Grassland-Invertebrate Interactions: Plant Productivity; Resilience and Community Dynamics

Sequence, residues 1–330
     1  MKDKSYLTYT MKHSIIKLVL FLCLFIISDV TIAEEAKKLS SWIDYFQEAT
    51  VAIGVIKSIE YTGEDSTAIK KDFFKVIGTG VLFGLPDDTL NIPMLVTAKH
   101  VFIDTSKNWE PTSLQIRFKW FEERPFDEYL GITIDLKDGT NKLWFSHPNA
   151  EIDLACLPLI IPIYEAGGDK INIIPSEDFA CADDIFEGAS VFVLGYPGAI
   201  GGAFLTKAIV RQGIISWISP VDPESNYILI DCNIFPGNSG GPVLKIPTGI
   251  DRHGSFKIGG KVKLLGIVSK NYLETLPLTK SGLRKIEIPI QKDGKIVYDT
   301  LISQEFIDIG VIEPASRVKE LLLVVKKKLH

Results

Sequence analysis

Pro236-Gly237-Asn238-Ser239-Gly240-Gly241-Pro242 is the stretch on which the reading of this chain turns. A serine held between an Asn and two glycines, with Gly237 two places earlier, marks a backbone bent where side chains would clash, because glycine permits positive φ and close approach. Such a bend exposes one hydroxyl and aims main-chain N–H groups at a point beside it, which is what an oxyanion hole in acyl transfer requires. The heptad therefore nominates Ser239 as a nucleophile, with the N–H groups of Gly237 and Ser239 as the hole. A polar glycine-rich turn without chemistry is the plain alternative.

Natural and anthropogenic grasslands such as prairies, meadows, rangelands, and pastures cover more than 40% of the planet’s surface and provide a wealth of ecological services. Grasslands alone store one third of the global carbon stocks and grass roots, through their specific architectures, ensure water cycling and prevent the erosion of fertile topsoil. In addition, grasslands are of vital importance for human food production as vast areas of rangelands and pastures provide feed for livestock. Pastoral legumes mobilize atmospheric nitrogen and improve fertility of arable soils. Not least, grasslands are an essential genetic resource. The three major crop species that feed half of the global population have been bred from wild grasses. Ancestors of our contemporary turf cultivars, common components of urban landscapes and recreation spaces, originated from wild grasslands. Although natural and managed grasslands represent pivotal ecosystems, many aspects of how they function are poorly understood. To date, most attention has focused on grassland primary producers (i.e. forage plants) and mammalian grazers but invertebrates are likely to play an equally, if not more important role in grassland ecosystem functioning. In Australian pastures, for example, the biomass of root-feeding scarab beetles can often exceed that of sheep and plant damage caused by invertebrates is sometimes equivalent to an average dairy cow’s grass consumption. Indeed, grasslands are one of the most densely populated ecosystems with invertebrates being probably the most important engineers that shape both plant communities and the grassland as a whole. In a rapidly changing world with increasing anthropogenic pressure on grasslands, this Research Topic focuses on: 1. How grassland habitats shape invertebrate biodiversity 2. Impacts of climate change on grassland-invertebrate interactions 3. Plant and invertebrate pest monitoring and management 4. Plant-mediated multitrophic interactions and biological control in grasslands 5. Land use and grassland invertebrates 6. Plant resistance to invertebrate pests Given the increasing demand for food and land for human habitation, unprecedented threats to grasslands are anticipated. Resilient to some extent, these key ecosystems need to be better comprehended to guarantee their sustainable management and ecosystem services.